[J-core] VHDL by Example

Geoff Salmon gsalmon at se-instruments.com
Tue Aug 16 18:39:31 EDT 2016

On 08/16/2016 03:30 PM, Rob Landley wrote:
> On 08/16/2016 02:44 AM, Travis Ayres wrote:
>> What is the most complex code in the j-core system?
>> I assume you have a package of types/records for system level items, and
>> assuming that's imported - where is it most tricky?

There's a number of packages. All (most?) are in files ending with 
"_pkg.vhd". For example, soc_top/components/cpu/cpu2j0_pkg.vhd contains 
the cpu component and record types for the cpu ports, and the 
cpu_instruction_o_t, cpu_instruction_i_t, cpu_data_o_t, and cpu_data_i_t 
records are used for the cpu's instruction and data buses. Anything 
connecting to the data bus uses this package so it can use these types.

Most tricky? Hmm, that's kind of subjective. I find the datapath process 
in soc_top/components/cpu/core/datapath.vhm quite complicated. It takes 
me a lot of time thinking and staring at simulation output to make a 
change there. soc_top/components/cpu/core/mult.vhm is mysterious unless 
you know exactly what the cpu's multiplier should be doing. I think the 
trickiness in these files comes from requiring a certain level of 
understanding how the cpu operates and not due to how we use VHDL though.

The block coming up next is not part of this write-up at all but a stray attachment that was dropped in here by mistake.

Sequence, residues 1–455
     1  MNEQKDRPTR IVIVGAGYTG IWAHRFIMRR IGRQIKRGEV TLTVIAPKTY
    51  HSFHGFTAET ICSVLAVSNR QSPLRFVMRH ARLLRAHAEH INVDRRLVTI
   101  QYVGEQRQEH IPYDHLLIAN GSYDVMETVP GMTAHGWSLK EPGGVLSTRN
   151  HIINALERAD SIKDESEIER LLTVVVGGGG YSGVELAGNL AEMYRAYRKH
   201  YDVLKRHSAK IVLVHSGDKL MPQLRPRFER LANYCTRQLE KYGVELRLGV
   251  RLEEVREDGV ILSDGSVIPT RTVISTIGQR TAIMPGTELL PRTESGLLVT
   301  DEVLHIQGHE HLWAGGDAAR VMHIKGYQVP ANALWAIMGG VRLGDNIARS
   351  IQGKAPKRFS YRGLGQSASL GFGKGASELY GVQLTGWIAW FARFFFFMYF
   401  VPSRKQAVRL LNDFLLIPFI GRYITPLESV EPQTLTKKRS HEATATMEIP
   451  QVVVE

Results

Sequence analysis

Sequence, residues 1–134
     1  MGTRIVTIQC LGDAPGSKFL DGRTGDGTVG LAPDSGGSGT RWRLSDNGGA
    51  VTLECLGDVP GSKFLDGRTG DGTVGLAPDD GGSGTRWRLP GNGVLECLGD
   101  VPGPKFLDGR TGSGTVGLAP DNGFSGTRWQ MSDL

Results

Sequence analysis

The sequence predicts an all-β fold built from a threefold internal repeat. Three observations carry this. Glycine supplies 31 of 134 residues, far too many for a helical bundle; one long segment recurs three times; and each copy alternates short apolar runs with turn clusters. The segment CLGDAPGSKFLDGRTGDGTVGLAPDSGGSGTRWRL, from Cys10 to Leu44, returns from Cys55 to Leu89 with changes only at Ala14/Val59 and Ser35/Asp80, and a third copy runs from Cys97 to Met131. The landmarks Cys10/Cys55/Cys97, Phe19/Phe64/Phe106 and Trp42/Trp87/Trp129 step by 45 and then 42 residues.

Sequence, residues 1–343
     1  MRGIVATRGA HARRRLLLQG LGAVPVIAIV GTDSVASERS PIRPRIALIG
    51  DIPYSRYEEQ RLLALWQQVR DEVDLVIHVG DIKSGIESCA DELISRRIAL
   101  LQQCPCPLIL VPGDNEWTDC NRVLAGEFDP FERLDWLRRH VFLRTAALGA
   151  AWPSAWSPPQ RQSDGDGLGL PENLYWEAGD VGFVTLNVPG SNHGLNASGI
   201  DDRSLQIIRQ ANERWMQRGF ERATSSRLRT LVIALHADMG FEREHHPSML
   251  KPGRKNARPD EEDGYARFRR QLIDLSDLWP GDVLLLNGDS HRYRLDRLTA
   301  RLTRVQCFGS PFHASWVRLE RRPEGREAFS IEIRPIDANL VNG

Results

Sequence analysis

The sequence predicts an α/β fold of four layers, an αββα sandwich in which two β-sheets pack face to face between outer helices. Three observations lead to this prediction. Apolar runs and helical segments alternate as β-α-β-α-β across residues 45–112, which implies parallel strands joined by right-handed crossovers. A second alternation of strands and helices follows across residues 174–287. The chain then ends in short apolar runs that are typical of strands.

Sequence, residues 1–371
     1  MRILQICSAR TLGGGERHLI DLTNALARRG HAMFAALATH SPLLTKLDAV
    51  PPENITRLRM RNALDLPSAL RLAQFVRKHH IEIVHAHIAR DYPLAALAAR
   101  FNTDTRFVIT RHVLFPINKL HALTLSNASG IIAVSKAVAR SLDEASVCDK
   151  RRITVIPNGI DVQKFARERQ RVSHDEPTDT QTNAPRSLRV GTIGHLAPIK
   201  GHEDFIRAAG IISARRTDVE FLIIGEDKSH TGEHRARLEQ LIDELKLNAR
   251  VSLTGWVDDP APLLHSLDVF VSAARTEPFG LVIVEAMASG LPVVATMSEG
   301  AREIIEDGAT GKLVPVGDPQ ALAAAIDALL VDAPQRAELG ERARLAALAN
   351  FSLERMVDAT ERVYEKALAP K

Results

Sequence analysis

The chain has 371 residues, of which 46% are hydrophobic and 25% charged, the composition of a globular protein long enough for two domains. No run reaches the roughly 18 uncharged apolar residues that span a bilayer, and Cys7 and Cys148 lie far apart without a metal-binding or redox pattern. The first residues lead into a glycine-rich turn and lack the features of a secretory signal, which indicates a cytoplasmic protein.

> My understanding is that at the design level, the tricky part is we use
> the "two process" VHDL design method.
>   http://ens.ewi.tudelft.nl/Education/courses/et4351/structured_vhdl.pdf
> This means we use VHDL compiler features that are in the standard, but
> not heavily used by other design strategies. For example we do as much
> late binding of signals as possible (instead of early binding), which in
> _theory_ gives the compiler more flexibility with layout and such, but
> in practice makes the optimizer do a lot more work.
> Given that, what parts of the code are most complex is a question for
> Geoff or Jeff. I'm still trying to learn the langauge. :)

I don't think anyone learning VHDL who wants to contribute should get 
hung up on the two process method or whatever "fancy" VHDL features we 
may be using. Even if VHDL features like record types or 
functions/procedures are less widely used, they're similar enough to 
features in almost every programming language. You can probably guess 
what they do from the name alone.

To grasp the two process style you should first understand:
- the difference between signal assignment and variable assignment
- what a VHDL processes does
- how to implement a register with a process. This is a signal whose 
value is set on a clock edge and can optionally be cleared with a reset 

With that base knowledge, the easiest way to understand how we use the 
two process method is to diff a vhm file and the corresponding vhd file. 
A perl script called v2p converts vhm files to vhd. You could write a 
vhdl file in the two process style directly if you wanted. v2p just cuts 
out some of the boilerplate.

If you're setting out to learn VHDL, it's essential you can simulate it 
and see the waveforms. I use GHDL [http://home.gna.org/ghdl/ 
https://github.com/tgingold/ghdl] to simulate and view the resulting 
waveforms in GTKWave [http://gtkwave.sourceforge.net/]. v0.33 of GHDL is 
available built for a number of platforms 

I sent a tarball containing a couple vhdl entities and a script to 
simulate them to an older mailing list. I'll try to find that and post 
it here.

- Geoff

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